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Make up your mind already…

23 Jan

I was listening to a podcast today that was addressing the Internet’s vitriol with Scientology. Apparently, World Wide Web culture despises Tom Cruise’s worldview because his community believes crazy things and demands a bunch of money. One of the hosts of the podcast immediately noted that all religions are like that so he didn’t really get why Scientology was uniquely hated.

Then they made the statement that every religion has its skeletons. For example, the Catholic Church hasn’t always been best-friends with alternative perceptions of God as characterized by the Inquisition or the Crusades. While I agree with their understanding of these cruelties as cruelties, I can’t help but wonder if they know why they feel that way.

If I were to go into another culture today and accuse that culture of moral failure because of their customs or viewpoints, many would criticize me of something called ethnocentrism; basically that because of my culture and what I was raised in, I am biased against rival understandings of reality. Besides, who gave me the right to tell another person what clothes to wear, or how to worship their gods, or how to prevent their children from reproducing?

That being said, I CAN look back at virtually any culture from the past and freely accuse them of ignorance, savagery, paganism, foolishness, and downright evil without any fear of reprisal. Interesting, no? Because of the Internet age, I can write off the accomplishments of the past because anyone back in the 1700’s was clearly not as intelligent as me. I can look in derision at the moral failures of the Catholic Church, or the history of caste in India without much of any consequence. That seems a little double standard-ish to me.

First off, it assumes a standard in the first place. There has got to be a reason as to why they were savages and we are civilized. What line has been drawn? Did we draw it? Was it drawn for us?

Secondly, it assumes that we are objectively better than generations past, and that can be demonstrably proven by literacy, or morality, or the ease of cat-video dissemination to my neighbors across the Pacific. There’s that line again. Is it set in stone, and has our generation crossed over to the morally superior side? Or has it been tentatively drawn in pencil and each generation is frantically erasing where it was and re-placing it in their favor?

At the end of the day, honestly, I just get frustrated with my generation. It’s like our forefathers built a building called civilization. They got the straw for the bricks. They mined, they farmed, they produced. They worked their fingers to the bone to build up one storey. Then their children worked and built another, and so on. Then our generation comes. We were born on the 21st storey, kicked down the ladder, and assumed that we belonged here in the first place. THEN we accuse those who came before us of being moronic and close-minded. I can’t help feeling like we missed something somewhere.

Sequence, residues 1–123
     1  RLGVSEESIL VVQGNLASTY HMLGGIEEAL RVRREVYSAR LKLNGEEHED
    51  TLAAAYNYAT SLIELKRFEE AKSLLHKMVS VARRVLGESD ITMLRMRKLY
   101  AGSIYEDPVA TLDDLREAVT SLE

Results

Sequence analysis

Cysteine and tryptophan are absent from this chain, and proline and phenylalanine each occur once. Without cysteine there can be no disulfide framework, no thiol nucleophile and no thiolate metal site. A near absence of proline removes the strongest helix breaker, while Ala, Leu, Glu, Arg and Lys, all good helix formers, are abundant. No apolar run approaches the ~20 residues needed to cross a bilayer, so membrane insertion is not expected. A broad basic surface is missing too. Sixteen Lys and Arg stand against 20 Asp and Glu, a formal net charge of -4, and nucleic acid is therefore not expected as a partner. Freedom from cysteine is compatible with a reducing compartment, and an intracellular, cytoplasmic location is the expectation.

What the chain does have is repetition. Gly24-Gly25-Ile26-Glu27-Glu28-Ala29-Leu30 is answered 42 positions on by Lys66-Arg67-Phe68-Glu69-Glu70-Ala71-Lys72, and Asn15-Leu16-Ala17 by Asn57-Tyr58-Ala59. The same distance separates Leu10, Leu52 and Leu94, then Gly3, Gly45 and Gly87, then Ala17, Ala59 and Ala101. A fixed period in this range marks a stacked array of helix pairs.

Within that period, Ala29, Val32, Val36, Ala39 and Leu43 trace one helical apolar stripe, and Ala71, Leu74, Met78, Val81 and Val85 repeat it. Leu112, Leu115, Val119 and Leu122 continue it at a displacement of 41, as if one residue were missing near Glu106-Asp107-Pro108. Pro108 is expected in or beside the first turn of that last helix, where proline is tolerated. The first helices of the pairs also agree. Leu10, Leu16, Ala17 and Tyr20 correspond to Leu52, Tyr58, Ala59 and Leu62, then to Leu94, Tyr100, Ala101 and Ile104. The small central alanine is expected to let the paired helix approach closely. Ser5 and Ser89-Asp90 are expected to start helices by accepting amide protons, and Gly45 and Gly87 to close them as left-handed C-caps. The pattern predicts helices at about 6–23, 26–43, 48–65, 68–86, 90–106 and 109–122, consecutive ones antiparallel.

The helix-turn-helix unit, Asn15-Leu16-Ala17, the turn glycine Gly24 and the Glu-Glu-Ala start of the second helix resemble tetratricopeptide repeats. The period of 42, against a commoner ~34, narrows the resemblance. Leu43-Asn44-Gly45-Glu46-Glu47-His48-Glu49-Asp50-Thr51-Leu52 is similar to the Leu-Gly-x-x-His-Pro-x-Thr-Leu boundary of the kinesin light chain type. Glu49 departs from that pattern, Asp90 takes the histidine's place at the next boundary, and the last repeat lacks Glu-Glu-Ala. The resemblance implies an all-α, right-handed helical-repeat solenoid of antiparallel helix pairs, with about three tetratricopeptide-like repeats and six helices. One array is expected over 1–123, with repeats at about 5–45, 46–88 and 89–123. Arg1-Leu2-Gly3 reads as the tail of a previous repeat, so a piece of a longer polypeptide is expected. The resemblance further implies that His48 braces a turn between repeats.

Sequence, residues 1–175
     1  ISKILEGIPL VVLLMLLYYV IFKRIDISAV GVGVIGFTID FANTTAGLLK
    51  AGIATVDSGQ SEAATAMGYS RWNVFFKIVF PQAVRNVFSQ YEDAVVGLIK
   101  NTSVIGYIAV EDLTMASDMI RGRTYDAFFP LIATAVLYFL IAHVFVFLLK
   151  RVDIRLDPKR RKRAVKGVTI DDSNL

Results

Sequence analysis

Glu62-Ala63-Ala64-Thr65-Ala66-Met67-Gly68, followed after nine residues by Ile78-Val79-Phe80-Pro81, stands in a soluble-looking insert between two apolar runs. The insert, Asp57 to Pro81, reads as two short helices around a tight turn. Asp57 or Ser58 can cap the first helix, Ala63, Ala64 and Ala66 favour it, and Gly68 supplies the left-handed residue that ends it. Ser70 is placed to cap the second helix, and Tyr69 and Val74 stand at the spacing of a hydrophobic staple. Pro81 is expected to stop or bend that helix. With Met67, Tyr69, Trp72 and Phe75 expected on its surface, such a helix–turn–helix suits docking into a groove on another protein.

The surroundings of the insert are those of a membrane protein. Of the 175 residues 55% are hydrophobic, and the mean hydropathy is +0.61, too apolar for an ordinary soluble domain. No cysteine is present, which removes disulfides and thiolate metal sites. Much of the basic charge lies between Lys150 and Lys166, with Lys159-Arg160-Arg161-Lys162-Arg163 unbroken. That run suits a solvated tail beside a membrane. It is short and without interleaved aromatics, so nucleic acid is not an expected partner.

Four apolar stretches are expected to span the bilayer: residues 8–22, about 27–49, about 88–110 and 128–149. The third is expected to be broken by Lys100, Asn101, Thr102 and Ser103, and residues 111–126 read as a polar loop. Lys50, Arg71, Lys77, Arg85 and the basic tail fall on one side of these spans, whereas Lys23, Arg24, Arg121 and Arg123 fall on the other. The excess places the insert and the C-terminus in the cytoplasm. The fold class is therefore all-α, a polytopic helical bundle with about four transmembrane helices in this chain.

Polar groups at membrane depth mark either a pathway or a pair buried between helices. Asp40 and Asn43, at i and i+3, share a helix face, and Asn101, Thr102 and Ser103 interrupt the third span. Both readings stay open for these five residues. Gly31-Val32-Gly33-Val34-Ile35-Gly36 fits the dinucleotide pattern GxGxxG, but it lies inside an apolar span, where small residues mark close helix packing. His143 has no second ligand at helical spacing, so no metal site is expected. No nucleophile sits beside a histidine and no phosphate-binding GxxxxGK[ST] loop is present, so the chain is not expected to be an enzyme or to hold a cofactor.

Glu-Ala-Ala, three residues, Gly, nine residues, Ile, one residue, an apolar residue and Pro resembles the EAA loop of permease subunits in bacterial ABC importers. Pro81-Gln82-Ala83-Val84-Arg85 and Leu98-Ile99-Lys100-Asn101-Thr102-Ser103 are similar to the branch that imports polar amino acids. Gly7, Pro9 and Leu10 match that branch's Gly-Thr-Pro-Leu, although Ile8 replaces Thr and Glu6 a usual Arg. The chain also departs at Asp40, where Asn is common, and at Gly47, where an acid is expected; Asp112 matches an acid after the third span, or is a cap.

This reminds me of the importance of the 4th commandment. “Honor your father and mother.” It’s (sinfully) natural to honor yourself above others, but God commands something different. Honor those who came before you. Remember what they taught you. Remember how hard they worked. Remember the grace they showed you when you broke their stuff. Remember the faith they had. Remember their love for God. Remember their moral fortitude. Remember their parents. Remember the generations before us. Remember. Honor. Continue their example.

But then, the question. The question that so quickly comes to mind. What about their example is so worthy of veneration? Why should I continue in their footsteps? Why should I honor them at all?

And this brings us back to that line. That line our generation so vehemently rails against, while simultaneously subverting their reasons for doing so. Is there good? Is there bad? Are there things that are actually worthy of praise and things that are worthy of rebuke? If not, whence all the fervor?

C.S. Lewis said it better than any I’ve heard in The Abolition of Man: “In a sort of ghastly simplicity we remove the organ and demand the function. We make men without chests and expect of them virtue and enterprise. We laugh at honor and are shocked to find traitors in our midst. We castrate and bid the geldings be fruitful.”

We’ve got to start somewhere in order to get anywhere. Objectively morality has got to be assumed in order to condemn or praise anyone or anything. Either way, without this, all discussions of right, wrong, good, bad, ugly, progression, regression, etc. are ultimately pointless. God, grant us faith and grace to be reasonable.

I wonder what the virtual podcasts of the 33rd century will say of the cavemen of the 21st…


Just some days more than others…

23 Oct

Romans 8: 19-21:

” For the anxious longing of the creation waits eagerly for the revealing of the sons of God. 20 For the creation was subjected to futility, not willingly, but because of Him who subjected it, [i]in hope 21 that the creation itself also will be set free from its slavery to corruption into the freedom of the glory of the children of God.”

  As a Child of God, you always know the world is broken. Corrupted politics. Failing economies. YouTube Comments. All of these and more all cry out together in unison, “Something is wrong! We need saving!”

  My own heart is particularly indicative of creation’s current condition. Because of things like this, I always know that we need healing, just some days more than others.

  There was a crisis at my job today. The Lord was faithful, we got through it. But it left me feeling an overwhelming sense of the World’s brokenness, and my impotency to change that. Romans 8:20 says that creation was subjected to futility by God so that we could be set free. How does that work?